Many Scots were left with few options other than to leave their homeland for the colonies across the Atlanti c. Some of these families fought to defend their newfound freedom in the American War of Independence. Others went north to Canada as United Empire Loyalists. The ancestors of all of these families have recently been able to rediscover their roots through Clan societies and other Scottish organizations. Among them: Andrew Ervin, a boy of 16; landed in Barbados in 1684. Over the next two hundred years the Irving name was to settle mainly in the state of Pennsylvania. William Irwin settled in Virginia in 1642.

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Motto


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Motto



The motto was originally a war cry or slogan. Mottoes first began to be shown with arms in the 14th and 15th centuries, but were not in general use until the 17th century. Thus the oldest coats of arms generally do not include a motto. Mottoes seldom form part of the grant of arms: Under most heraldic authorities, a motto is an optional component of the coat of arms, and can be added to or changed at will; many families have chosen not to display a motto.

Motto: Candide et constanter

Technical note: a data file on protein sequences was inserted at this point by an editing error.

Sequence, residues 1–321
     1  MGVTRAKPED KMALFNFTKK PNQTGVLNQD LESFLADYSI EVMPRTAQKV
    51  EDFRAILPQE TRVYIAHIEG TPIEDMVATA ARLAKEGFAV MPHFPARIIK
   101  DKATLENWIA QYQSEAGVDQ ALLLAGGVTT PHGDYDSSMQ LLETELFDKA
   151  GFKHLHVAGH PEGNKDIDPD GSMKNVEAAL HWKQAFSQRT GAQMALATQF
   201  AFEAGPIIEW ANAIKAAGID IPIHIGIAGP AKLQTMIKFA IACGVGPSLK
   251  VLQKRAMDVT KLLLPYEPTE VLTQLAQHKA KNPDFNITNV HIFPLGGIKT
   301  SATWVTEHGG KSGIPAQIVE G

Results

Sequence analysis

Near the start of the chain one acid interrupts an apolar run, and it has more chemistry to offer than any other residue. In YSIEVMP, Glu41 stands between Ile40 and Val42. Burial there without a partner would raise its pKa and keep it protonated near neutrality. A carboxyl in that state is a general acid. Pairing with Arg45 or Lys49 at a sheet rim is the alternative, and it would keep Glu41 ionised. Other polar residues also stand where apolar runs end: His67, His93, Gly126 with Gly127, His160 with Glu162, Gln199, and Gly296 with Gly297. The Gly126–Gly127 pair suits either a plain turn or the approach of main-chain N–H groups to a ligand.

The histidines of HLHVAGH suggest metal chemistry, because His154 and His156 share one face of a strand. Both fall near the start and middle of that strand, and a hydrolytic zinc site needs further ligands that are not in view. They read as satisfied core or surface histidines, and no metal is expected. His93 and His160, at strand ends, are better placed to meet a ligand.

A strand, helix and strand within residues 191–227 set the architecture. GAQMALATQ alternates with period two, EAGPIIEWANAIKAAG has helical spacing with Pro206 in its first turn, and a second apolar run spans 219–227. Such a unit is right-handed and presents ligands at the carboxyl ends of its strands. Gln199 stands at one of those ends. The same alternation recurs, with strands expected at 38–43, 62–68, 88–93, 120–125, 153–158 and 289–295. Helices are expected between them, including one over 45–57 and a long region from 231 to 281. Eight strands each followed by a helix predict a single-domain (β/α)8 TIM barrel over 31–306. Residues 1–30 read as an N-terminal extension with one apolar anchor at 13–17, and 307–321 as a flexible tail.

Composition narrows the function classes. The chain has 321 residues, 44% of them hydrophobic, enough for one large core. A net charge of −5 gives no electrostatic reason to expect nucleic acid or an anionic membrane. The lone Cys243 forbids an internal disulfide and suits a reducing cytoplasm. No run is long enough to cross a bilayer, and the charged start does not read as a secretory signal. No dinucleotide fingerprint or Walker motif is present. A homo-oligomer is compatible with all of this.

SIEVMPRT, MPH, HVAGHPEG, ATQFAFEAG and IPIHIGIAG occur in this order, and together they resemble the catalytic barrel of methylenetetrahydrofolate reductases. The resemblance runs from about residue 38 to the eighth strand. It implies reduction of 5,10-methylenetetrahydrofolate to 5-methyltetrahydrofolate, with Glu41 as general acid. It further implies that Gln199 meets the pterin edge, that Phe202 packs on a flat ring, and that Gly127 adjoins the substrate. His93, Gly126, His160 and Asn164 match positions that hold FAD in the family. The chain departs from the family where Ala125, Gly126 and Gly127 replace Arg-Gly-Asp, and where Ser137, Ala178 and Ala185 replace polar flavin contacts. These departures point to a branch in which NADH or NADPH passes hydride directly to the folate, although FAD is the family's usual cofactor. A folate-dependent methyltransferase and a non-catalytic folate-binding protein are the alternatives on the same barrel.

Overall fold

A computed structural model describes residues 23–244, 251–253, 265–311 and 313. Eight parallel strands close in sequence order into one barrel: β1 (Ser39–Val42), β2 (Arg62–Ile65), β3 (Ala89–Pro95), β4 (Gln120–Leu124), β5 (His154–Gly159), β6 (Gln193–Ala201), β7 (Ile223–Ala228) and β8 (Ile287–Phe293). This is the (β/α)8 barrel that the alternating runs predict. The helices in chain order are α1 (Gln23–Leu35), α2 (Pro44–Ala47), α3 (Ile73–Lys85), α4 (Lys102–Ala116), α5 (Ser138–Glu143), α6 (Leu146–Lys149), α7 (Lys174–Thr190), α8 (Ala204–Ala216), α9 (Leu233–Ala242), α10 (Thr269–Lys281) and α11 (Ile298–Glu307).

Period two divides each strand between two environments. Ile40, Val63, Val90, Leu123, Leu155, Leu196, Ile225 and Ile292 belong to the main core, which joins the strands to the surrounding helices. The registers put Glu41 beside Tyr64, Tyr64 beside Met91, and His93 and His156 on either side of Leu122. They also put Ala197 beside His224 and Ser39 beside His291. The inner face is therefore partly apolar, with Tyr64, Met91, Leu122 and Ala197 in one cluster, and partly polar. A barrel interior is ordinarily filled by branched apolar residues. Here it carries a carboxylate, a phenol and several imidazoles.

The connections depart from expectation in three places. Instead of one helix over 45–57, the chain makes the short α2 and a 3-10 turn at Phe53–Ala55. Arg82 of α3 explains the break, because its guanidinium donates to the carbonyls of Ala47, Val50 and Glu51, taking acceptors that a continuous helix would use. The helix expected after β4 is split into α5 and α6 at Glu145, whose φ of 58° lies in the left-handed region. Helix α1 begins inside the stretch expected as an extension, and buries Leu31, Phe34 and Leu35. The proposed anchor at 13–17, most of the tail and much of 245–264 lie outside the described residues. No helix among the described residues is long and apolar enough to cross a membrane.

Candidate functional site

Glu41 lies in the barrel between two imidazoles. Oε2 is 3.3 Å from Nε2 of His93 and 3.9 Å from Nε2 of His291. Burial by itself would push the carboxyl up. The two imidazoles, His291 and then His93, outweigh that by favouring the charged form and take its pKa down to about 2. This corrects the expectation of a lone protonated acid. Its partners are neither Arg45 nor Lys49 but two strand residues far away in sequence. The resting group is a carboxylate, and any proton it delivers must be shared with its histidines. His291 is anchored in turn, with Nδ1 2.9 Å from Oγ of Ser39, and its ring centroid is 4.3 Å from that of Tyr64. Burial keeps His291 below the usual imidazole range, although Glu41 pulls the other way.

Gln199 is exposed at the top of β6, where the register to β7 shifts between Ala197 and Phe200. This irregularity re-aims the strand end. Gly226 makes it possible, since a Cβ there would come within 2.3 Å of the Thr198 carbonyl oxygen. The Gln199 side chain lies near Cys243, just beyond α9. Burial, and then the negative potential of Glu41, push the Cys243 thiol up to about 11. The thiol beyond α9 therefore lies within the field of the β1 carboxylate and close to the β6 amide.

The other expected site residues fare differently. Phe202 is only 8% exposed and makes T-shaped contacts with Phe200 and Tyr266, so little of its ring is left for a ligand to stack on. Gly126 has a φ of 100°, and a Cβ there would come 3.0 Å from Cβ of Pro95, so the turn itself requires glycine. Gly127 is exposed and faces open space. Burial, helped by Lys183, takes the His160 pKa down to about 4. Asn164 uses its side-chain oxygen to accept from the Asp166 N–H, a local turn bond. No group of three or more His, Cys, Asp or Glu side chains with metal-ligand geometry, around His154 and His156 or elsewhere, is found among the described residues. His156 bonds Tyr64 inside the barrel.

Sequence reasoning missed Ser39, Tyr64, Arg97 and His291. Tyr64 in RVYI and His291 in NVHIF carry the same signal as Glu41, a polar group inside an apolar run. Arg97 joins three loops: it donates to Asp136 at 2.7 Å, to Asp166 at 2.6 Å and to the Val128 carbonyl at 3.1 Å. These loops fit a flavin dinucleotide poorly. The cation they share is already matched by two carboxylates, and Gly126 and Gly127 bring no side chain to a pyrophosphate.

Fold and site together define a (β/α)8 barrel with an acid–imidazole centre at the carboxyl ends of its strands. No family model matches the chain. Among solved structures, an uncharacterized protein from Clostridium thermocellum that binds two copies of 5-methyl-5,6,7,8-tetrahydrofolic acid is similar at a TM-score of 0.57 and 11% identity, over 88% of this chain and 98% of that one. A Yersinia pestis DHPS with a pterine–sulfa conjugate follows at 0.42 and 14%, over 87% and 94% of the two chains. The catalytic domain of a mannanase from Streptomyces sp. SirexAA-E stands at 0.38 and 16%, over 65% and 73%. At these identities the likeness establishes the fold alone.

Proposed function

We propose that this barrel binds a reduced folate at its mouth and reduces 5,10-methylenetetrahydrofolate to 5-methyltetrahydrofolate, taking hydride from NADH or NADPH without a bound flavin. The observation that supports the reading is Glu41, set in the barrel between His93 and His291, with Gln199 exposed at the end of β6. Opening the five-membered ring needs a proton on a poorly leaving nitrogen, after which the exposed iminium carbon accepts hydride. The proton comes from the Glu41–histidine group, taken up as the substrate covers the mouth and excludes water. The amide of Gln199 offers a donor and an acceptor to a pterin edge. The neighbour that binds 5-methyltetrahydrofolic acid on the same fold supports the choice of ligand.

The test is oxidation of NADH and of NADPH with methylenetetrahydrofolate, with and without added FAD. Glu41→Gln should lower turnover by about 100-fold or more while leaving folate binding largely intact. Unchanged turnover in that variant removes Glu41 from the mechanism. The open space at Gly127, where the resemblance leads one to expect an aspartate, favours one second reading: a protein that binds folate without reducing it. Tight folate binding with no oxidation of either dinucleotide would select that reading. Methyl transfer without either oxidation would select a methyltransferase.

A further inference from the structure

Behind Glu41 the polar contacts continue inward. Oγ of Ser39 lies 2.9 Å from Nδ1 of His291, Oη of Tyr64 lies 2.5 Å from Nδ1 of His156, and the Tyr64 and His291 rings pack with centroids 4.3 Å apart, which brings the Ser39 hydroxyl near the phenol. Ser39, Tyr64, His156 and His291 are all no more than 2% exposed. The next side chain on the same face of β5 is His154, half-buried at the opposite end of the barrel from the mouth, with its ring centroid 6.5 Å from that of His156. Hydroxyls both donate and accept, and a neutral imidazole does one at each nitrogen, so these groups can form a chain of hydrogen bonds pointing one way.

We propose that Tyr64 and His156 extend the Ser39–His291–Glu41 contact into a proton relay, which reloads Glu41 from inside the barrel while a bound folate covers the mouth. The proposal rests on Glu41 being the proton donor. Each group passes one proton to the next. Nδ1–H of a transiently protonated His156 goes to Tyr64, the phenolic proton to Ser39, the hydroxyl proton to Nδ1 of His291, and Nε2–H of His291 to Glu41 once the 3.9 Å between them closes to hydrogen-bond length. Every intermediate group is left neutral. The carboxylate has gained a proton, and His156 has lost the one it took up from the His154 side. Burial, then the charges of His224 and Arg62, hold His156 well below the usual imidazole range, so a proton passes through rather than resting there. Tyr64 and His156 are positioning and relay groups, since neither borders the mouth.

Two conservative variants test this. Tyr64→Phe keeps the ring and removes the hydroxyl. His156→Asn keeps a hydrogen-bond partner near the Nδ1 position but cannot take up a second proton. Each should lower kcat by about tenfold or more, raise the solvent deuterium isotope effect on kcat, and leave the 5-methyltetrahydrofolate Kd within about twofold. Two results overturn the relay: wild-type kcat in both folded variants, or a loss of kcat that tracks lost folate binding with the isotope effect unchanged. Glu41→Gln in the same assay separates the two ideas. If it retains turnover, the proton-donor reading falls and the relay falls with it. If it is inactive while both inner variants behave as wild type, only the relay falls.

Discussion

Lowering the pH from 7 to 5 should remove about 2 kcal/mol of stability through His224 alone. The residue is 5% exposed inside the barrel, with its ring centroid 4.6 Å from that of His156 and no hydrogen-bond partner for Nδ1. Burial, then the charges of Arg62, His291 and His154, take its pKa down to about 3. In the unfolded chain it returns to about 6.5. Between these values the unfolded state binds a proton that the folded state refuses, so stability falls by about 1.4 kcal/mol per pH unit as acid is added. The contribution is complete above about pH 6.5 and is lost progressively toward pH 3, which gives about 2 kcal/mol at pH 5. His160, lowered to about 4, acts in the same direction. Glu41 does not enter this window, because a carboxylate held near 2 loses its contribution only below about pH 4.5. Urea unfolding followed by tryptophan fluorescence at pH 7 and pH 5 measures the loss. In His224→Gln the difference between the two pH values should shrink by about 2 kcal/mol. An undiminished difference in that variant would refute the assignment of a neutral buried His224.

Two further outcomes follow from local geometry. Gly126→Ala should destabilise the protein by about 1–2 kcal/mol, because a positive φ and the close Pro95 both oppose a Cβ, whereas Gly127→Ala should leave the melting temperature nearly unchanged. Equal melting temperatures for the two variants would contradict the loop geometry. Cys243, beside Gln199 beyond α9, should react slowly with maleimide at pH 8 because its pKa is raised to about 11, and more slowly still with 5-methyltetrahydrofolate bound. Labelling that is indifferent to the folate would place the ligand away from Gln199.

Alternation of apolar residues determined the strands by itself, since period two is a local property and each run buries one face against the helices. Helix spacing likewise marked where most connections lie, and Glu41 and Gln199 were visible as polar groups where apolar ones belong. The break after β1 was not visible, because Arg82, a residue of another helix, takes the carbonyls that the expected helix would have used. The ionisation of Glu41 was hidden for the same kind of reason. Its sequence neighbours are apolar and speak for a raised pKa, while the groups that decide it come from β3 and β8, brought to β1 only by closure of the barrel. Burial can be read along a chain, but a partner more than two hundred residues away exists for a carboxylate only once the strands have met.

Motto Translation: Fairly and firmly.


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Yurwind Family Crest Products


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Yurwind Family Crest Products




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See Also


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See Also




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Citations


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Citations



    Other References

    1. Scarlett, James D. Tartan The Highland Textile. London: Shepheard-Walwyn, 1990. Print. (ISBN 0-85683-120-4).
    2. Dorward, David. Scottish Surnames. Glasgow: Harper Collins, 1995. Print.
    3. Browning, Charles H. Americans of Royal Descent. Baltimore: Genealogical Publishing. Print.
    4. Urquhart, Blair Edition. Tartans The New Compact Study Guide and Identifier. Secauccus, NJ: Chartwell Books, 1994. Print. (ISBN 0-7858-0050-6).
    5. Martine, Roddy, Roderick Martine and Don Pottinger. Scottish Clan and Family Names Their Arms, Origins and Tartans. Edinburgh: Mainstream, 1992. Print.
    6. Bolton, Charles Knowles. Bolton's American Armory. Baltimore: Heraldic Book Company, 1964. Print.
    7. Black, George F. The Surnames of Scotland Their Origin, Meaning and History. New York: New York Public Library, 1946. Print. (ISBN 0-87104-172-3).
    8. Chadwick, Nora Kershaw and J.X.W.P Corcoran. The Celts. London: Penguin, 1970. Print. (ISBN 0140212116).
    9. Matthews, John. Matthews' American Armoury and Blue Book. London: John Matthews, 1911. Print.
    10. Magnusson, Magnus. Chambers Biographical Dictionary 5th edition. Edinburgh: W & R Chambers, 1990. Print.
    11. ...

    The Yurwind Family Crest was acquired from the Houseofnames.com archives. The Yurwind Family Crest was drawn according to heraldic standards based on published blazons. We generally include the oldest published family crest once associated with each surname.

    This page was last modified on 7 October 2014 at 08:12.